But the revisionism ultimately won over most of the legal establishment, reaching its zenith in 2008, when the Supreme Court broke with 70 years of established jurisprudence and affirmed that the Second Amendment protects an individual right to have guns in the home for reasons of self-defense.

In order to do this, the majority followed the lead of gun-rights advocates and essentially excised the first clause of the amendment—the “well-regulated militia” part—from the text.

(Let us pause briefly to note the irony that the opinion, District of Columbia v. Heller, was written by none other than Justice Antonin Scalia—America’s staunchest defender of originalism, or reading the Constitution according to its supposed original meaning.)

If the Heller court had simply said, “Look, most Americans think the Amendment is about an individual right, and no one really cares what James Madison or the average man on the street in 1791 thought”—then the case would be pretty uncontroversial. Instead, Scalia produced a pompous, error-filled opinion that has done more to discredit his beloved originalism than a generation of liberal academics ever could.

Even leading conservative legal scholars have harshly criticized the ruling: federal judge Richard Posner said most professional historians reject Scalia’s historical analysis in the case, and described Scalia’s jurisprudence as “incoherent”. Perhaps even more damning, J. Harvie Wilkinson, a federal judge appointed by Ronald Reagan, compared Heller to Roe v. Wade.

Of course, the fact that the Second Amendment is now treated as an individual right has almost no bearing on gun regulation, because no right is absolute. You can’t shout “Fire!” in a crowded theater, nor can you fire a gun in one.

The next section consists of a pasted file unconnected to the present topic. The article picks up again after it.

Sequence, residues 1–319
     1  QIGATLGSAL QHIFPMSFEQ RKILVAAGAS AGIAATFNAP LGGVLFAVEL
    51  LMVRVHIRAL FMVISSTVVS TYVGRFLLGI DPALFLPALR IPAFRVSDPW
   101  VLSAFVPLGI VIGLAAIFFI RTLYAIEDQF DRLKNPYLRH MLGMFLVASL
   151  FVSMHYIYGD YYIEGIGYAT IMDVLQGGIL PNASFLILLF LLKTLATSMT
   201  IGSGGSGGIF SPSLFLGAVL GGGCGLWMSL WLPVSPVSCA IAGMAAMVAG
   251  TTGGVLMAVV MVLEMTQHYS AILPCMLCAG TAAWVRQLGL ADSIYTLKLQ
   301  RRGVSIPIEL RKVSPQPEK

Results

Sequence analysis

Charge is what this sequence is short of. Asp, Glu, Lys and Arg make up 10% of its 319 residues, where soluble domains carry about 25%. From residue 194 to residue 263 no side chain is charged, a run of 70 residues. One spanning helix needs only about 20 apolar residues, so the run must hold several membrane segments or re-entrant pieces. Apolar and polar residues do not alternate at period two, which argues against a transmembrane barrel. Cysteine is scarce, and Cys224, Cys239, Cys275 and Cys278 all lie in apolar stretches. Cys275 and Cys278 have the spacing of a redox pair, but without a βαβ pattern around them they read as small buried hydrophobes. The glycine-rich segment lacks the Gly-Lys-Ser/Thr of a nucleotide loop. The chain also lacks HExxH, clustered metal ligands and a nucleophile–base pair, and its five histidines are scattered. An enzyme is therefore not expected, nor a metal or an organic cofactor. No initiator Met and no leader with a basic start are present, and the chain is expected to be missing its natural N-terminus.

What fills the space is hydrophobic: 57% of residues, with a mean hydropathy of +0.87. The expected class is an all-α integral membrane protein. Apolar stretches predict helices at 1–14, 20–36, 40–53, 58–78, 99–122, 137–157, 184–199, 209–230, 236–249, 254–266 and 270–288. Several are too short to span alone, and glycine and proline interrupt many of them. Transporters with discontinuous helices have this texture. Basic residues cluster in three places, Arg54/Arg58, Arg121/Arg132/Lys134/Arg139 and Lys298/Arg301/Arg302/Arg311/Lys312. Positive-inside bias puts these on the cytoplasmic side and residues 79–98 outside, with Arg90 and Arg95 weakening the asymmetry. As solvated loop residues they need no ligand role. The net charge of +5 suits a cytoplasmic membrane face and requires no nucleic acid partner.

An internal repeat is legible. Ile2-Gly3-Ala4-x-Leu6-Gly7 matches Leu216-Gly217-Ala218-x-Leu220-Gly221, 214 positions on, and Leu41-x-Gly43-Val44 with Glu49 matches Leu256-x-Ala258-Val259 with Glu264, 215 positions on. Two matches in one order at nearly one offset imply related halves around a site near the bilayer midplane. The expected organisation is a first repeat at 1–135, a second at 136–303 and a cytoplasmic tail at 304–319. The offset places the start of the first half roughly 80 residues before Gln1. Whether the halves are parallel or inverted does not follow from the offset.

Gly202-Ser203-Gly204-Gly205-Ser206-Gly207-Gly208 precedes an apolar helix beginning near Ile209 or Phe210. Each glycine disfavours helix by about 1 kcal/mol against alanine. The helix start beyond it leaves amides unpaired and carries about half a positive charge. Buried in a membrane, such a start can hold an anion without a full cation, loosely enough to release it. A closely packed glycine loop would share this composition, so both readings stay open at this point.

And most Americans—including those who own guns—are open to reasonable gun regulation. The only people who oppose such policies are the NRA, extreme gun-rights advocates, and the craven politicians who do their bidding.

But what would such regulation look like?

For one thing, we could have a comprehensive system of firearm licensing and registration. At the moment we have none (even though it is hard to fathom how one might ever muster a militia without such a system). To avoid the irrational fears of gun confiscation, such a system ought to be instituted by the states, which maintained militias long before the Second Amendment existed. Could anyone with even a minimal understanding of the history of the Second Amendment seriously maintain that a state-based system violated the Amendment’s text or spirit?

The bottom line is that although we hear the Second Amendment invoked all the time, few of those who trumpet it the most vehemently realize that restoring the Founders’ vision of the Second Amendment would be a call for more gun regulation, not less.

 

By: Saul Cornell, The Daily Beast, December 18, 2012

December 21, 2012 Posted by | Constitution, Guns | , , , , , , , | 2 Comments

“Unfit For Responsibility”: What Americans Should Learn From The “Republican Apocalypse”

What may finally consume the House Republicans is their boundless contempt for the American public – a contempt bluntly demonstrated in their refusal to consider any reasonable compromise with President Obama to avoid the so-called “fiscal cliff” on December 31. They know from the election results (and every poll) that the public believes taxes should be raised on the wealthy. They know that the public wants bipartisan compromise. And they know that the approval rating of the House Republicans, in contrast to the president’s upwardly trending numbers, are veering toward historic lows.